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Understanding Timers in MSP430 Launch pad


In this tutorial, I assume that you have an idea about the basic timers in 8051 or any other microcontroller. I am not going to define the timer’s definition and its applications. Here I just concentrate on programming aspects of the timers in MSP430 microcontroller.

Generally, first question arises in our mind about the timer’s in a microcontroller is
“How many timers are there in MSP430G2553”?
There are two 16-bit timers are available in MSP430G2553, excluding watch dog timer.
  •  Timer_A0
  •  Timer_A1


While doing applications using timers, I was a bit confused about the Timer_A and Timer_B. Finally a lot of search I found some important points regarding these timers.
Generally MSP430 family contains two categories of timers
  •  Timer_A
  •  Timer_B.

What is the difference between Timer_A and Timer_B ?
Both are same in its operation, but Timer_B is more sophisticated than Timer_A and it has many features available than compared with Timer_A. They are.

·         Bit-length of the timer is programmable as 8-bit, 10- bit, 12-bit, 16-bit.
·        Some Timers in B category have 7 CCR registers whereas the Timer_A contains three capture/compare registers.
·         It contains double-buffered CCR register.
·         CCR register can be grouped.

Note: MSP430G2553 contains only Timer_A as Timer_A0 and Timer_A1.

Each 16-bit timer starts counts from 0 to 0x0FFFF (0 to 65536) and they operate in four different modes.

·         Stop     --- Timer is in halt state or stops the timer.
·         UP        --- Timer counts up from zero to value stored in TACCR0 register (other than 0xFFFF) and roll 
                         over to zero after it reached the count value as shown in figure 1.1.
                         Generally this mode used to produce time delays.
·         Continuous --- it is same as UP mode but here Timer counts up from zero to maximum value 0xFFFFh and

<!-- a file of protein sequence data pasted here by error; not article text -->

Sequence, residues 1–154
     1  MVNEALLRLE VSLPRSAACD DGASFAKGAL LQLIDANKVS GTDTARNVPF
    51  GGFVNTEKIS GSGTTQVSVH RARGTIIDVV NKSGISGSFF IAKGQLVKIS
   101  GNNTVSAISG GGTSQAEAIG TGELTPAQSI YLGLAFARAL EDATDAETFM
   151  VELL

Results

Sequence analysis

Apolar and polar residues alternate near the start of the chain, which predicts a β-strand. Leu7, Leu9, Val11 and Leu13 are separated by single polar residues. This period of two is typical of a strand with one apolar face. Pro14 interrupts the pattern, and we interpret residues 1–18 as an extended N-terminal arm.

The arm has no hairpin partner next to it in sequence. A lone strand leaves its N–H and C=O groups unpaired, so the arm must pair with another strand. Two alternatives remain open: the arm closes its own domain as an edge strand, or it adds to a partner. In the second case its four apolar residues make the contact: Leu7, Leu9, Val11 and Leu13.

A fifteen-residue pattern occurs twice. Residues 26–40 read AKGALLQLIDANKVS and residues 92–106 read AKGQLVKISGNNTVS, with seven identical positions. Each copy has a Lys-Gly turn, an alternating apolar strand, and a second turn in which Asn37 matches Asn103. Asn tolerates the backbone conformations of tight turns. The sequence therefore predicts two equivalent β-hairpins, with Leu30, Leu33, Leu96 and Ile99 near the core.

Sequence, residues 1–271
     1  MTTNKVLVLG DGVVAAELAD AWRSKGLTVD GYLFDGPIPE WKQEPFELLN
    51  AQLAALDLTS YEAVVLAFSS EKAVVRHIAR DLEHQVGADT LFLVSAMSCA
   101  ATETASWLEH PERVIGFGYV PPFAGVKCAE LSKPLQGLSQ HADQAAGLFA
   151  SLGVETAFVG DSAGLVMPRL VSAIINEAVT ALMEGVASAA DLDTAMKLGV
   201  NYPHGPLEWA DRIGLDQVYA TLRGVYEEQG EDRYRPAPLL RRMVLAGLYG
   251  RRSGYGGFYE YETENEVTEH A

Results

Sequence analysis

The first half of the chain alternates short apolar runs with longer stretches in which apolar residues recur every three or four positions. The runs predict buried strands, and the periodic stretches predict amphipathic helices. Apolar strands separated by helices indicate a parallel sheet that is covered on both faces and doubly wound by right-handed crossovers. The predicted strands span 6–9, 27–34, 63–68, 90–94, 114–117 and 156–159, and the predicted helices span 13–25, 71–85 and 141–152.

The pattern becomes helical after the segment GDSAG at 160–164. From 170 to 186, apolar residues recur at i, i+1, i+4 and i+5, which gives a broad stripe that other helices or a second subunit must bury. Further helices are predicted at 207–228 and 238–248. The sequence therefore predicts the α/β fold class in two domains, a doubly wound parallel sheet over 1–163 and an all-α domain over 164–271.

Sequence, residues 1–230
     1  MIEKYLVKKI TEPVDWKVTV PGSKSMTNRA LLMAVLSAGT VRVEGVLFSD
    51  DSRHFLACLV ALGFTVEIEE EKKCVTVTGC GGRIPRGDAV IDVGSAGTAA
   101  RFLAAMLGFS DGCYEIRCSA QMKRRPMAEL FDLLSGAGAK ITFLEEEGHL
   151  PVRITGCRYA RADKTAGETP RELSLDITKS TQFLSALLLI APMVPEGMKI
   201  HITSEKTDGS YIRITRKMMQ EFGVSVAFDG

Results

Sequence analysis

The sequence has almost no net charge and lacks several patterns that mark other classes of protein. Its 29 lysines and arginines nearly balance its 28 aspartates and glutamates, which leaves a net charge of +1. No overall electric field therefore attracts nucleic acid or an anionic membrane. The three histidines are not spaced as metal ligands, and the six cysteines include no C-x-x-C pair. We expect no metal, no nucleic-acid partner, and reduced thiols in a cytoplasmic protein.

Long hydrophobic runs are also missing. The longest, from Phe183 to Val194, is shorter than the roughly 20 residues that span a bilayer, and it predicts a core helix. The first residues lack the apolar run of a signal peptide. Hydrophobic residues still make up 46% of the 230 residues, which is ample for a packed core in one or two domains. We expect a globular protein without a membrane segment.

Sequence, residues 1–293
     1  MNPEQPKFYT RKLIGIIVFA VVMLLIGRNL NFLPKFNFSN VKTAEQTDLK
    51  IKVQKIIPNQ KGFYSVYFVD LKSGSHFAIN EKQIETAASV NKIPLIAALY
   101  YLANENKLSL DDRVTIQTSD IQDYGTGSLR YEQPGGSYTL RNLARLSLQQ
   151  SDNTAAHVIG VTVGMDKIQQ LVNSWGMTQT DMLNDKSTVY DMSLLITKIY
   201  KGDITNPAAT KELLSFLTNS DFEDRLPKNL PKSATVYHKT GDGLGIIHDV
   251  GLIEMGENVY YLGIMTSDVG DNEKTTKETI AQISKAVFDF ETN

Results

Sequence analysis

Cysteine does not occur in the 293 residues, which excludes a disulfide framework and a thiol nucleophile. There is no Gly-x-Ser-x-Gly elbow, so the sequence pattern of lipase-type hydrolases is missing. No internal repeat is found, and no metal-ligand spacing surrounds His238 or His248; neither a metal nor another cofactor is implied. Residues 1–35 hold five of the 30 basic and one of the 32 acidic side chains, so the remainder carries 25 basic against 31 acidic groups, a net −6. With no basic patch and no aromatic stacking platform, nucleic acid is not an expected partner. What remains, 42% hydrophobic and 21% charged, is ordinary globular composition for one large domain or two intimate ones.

rolls over to zero after it reached 0xFFFF and keep going as shown in figure 1.1.
·         Up/Down --- in this mode time counts up from 0 to TACCR0 register and then counts down back to zero 
                            as shown in figure. It is good for generating PWM’s and driving motors.

Figure 1.1 shows the Different timing modes in MSP430 microcontroller.




Ok! We will switch over to Programming concepts in MSP430G2553. First of all we need to know the available special functions registers and bits that are used to configure the Timers in MSP430.

Figure 1.2 Shows the Timer register and its configurable bits.
 Three compare/capture registers CCR0, CCR1, CCR2 are used load the timer count. These registers can    
 also be referred as TACCR0, TACCR1, and TACCR2,  But in this tutorial we referred simply as CCR0,  
 CCR1 and CCR2.
·         TAR is the 16-bit timer register in which the count start increment/decrements value depends
                upon the timer mode settings.
·         CCIFG interrupt flag is set when the timer counts to the value stored in CCR0 register.
·         TAIFG interrupt flag is set when the timer count from CCR0 to zero.
·         TASSELx are the bits used to select one of the clock signals as shown in the figure 1.2.
·         IDx bit are used to divide the clock signal applied to timer as shown in the figure 1.2.
·         MCx bits are used select count mode as shown in figure 1.2.
·         TACLR bit clears the TAR register, clock divider and count direction (mode).

There are two interrupt flags (CCIFG and TAIFG) and its corresponding two interrupt vectors (TACCR0 and TAIV) available for Timers in MSP430 as shown in the figure 1.3.